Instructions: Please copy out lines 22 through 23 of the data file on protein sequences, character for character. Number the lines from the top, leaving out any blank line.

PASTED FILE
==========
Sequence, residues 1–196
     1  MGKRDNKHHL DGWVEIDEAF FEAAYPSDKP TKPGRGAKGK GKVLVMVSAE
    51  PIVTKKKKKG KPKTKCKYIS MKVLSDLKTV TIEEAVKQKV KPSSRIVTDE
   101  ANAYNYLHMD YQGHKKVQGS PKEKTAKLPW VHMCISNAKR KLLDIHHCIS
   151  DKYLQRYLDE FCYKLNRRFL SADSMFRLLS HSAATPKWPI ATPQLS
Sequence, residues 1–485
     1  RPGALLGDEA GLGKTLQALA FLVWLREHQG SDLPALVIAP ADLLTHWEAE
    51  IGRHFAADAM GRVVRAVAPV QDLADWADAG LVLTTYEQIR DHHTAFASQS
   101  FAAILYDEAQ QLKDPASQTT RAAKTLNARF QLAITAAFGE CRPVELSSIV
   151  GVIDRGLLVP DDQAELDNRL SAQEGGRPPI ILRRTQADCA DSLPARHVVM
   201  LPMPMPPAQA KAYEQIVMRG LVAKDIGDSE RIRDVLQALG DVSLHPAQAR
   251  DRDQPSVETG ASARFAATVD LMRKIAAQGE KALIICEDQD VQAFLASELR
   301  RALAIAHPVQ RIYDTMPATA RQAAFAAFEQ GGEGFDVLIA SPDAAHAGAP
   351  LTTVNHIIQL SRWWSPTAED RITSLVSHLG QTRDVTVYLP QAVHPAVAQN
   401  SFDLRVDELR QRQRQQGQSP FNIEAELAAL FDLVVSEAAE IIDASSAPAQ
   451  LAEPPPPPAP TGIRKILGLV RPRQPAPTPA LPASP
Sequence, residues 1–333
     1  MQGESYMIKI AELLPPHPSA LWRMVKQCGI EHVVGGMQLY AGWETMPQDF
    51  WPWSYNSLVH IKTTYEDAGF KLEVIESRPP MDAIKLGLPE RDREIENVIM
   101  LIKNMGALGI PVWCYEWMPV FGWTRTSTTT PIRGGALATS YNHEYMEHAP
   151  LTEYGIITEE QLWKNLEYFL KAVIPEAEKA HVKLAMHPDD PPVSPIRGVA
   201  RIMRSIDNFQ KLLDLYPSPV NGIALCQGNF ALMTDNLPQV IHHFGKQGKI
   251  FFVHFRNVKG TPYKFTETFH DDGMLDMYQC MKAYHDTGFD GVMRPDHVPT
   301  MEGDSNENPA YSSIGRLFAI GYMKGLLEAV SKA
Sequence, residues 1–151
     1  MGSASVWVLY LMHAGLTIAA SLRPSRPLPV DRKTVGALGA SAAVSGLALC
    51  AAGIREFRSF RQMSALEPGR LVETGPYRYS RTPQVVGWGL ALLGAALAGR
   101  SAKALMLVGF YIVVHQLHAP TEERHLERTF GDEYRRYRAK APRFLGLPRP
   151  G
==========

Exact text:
   201  RIMRSIDNFQ KLLDLYPSPV NGIALCQGNF ALMTDNLPQV IHHFGKQGKI
   251  FFVHFRNVKG TPYKFTETFH DDGMLDMYQC MKAYHDTGFD GVMRPDHVPT